We can’t resist flagging some misleading language in a retraction note for a 2015 paper on the inner workings of an amoeba pathogen.
The note for “The Charms of the CHRM Receptors: Apoptotic and Amoebicidal effects of Dicyclomine on Acanthamoeba castellanii” is short, so we’re going to give it to you up front:
This accepted manuscript has been retracted because the journal is unable to verify reviewer identities.
Sounds like another case of faked emails to generate fake peer reviews, right? But that’s not what happened to this paper, according to the editor in chief of Antimicrobial Agents and Chemotherapy, Louis B. Rice, a professor at Brown University:
The retraction was necessary because of an editorial error in using the author’s suggested reviewers, whose lack of qualifications to review the work only came to light after the manuscript had been accepted and made available online. The retraction was deemed necessary because of the potentially compromised peer review. However, I as the Editor-in-Chief concluded there was no attempt by the author to manipulate the review process. The retraction in no way represents any wrongdoing on the part of the author, who has been encouraged to submit his work to ASM journals in the future.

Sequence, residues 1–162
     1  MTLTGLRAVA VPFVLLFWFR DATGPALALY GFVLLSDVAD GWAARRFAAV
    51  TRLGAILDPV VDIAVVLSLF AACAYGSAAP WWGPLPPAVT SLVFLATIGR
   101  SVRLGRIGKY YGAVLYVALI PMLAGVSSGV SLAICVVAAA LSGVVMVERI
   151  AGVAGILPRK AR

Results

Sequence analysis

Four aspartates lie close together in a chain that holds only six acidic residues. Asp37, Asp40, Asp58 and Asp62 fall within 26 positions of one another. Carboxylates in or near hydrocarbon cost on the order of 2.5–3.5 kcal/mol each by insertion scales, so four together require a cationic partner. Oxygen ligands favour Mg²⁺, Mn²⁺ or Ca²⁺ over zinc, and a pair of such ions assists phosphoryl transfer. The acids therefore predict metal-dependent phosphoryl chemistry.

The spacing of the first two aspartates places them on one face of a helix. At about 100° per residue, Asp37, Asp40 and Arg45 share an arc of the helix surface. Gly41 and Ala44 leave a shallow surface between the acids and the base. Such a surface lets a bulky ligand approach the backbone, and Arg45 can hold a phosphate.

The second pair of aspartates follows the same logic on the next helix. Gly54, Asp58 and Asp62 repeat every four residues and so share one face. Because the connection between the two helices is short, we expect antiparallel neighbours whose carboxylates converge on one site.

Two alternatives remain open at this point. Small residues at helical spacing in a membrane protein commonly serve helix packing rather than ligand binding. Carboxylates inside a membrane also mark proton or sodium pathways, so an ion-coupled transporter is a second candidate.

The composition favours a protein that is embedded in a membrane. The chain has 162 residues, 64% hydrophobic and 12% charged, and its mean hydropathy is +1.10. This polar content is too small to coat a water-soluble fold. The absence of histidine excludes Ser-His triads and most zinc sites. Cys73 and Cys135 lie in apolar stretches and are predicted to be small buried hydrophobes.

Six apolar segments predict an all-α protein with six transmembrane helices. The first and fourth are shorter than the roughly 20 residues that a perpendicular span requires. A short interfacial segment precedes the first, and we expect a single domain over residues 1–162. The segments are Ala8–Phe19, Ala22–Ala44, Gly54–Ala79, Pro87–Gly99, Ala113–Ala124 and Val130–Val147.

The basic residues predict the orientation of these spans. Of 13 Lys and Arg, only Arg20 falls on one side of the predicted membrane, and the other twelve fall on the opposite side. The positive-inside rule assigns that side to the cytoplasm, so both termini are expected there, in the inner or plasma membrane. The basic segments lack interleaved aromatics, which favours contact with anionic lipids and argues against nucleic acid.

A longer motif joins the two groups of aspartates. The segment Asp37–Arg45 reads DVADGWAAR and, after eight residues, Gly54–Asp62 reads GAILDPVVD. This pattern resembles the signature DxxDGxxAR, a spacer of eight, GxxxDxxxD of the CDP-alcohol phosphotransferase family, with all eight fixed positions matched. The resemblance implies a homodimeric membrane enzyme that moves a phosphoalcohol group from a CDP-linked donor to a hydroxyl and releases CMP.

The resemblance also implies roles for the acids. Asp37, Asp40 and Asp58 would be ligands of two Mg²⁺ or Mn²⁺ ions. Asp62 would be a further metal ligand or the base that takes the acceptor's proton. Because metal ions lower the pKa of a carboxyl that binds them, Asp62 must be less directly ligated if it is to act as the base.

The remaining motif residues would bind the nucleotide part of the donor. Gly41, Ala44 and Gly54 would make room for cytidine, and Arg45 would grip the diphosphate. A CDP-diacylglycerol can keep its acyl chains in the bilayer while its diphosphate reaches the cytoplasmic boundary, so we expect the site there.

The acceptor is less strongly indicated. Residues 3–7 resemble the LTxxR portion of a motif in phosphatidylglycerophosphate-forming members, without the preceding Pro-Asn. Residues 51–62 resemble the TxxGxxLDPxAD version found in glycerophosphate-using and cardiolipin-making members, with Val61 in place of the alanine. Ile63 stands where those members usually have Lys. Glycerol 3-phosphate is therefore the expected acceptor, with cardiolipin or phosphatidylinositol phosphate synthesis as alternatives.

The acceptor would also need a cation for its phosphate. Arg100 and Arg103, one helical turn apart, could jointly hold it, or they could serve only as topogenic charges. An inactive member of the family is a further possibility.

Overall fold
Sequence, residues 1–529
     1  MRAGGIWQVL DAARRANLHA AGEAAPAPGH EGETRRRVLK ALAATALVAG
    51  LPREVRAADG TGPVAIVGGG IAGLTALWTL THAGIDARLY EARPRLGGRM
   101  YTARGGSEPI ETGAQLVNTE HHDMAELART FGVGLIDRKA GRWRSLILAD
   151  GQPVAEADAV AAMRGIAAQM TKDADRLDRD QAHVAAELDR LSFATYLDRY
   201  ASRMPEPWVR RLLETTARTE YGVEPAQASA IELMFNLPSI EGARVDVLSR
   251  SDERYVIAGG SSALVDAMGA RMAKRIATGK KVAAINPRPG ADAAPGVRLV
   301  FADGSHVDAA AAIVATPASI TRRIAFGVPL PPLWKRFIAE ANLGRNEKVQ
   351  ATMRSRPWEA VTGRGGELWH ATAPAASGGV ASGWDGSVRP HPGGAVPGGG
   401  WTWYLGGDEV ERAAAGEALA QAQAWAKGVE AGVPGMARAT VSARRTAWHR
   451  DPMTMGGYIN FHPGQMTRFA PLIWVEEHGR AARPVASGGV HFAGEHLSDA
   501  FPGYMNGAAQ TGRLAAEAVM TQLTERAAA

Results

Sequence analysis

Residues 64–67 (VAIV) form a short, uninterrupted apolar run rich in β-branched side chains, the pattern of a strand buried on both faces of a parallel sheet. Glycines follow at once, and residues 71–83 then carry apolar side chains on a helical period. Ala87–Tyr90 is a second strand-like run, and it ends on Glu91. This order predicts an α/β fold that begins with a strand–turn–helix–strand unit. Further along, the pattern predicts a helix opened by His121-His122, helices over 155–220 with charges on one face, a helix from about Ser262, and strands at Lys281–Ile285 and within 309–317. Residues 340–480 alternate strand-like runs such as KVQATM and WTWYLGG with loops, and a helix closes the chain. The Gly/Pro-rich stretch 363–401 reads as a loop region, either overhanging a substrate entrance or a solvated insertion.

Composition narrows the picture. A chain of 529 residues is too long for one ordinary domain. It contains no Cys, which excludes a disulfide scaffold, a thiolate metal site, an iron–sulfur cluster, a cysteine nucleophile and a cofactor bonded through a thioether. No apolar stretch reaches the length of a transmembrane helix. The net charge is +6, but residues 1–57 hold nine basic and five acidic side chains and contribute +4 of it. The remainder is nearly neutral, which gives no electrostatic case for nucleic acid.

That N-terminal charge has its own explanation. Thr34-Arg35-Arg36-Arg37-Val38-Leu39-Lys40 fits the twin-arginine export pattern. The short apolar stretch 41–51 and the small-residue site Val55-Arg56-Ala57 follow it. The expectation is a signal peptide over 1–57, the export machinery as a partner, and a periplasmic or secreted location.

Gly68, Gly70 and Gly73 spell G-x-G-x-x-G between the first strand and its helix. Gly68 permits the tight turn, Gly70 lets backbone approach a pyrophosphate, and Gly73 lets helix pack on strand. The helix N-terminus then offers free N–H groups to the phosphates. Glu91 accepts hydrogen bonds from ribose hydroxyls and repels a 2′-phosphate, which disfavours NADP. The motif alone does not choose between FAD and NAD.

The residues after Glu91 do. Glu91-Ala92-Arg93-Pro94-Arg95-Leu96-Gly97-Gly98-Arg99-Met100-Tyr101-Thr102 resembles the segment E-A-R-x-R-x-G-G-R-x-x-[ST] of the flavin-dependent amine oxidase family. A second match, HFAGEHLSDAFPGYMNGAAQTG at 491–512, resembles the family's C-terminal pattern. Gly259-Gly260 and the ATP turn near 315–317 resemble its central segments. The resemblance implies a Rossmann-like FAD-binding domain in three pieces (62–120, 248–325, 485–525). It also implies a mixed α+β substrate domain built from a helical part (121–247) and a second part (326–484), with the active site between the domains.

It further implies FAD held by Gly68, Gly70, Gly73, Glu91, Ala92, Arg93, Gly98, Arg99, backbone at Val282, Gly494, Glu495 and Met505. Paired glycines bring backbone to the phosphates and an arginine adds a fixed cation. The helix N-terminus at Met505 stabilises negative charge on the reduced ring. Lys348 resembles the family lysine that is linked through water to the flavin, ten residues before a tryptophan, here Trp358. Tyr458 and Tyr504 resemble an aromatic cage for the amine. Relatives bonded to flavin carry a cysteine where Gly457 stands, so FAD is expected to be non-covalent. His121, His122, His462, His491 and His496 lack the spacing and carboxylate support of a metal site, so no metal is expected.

Rice told us how issues with the peer review came to light:
The area of investigation is one with relatively few highly qualified referees. The author suggested the original reviewers, we believe in good faith. It was later recognized on review of their publication history that their expertise was not sufficient in this area.
We asked why, then, did the retraction note say that the peer reviewers could not be identified? Rice told us:
The wording was imprecise. We did in fact eventually verify the reviewer identities, and in so doing concluded that they were not sufficiently qualified. After detailed discussion with the author, I determined that his suggestion of these reviewers reflected naivete rather than an attempt to manipulate the review process. Since the manuscript had already been published online, we retracted the paper. It has been rejected on scientific grounds and will not be published in Antimicrobial Agents and Chemotherapy.
We confirmed with Rice that the journal did submit the paper to another peer review with qualified reviewers before it was rejected. He declined to tell us why the paper was rejected.
We still find the wording very strange, so we asked if there were plans to change it. Rice said no:
I am not aware of any plans to change the wording.
The sole author is Abdul Mannan Baig, a biologist at Aga Khan University in Pakistan. We emailed him, and we’ll update this post if we hear back.
Hat tip: Tom Jove
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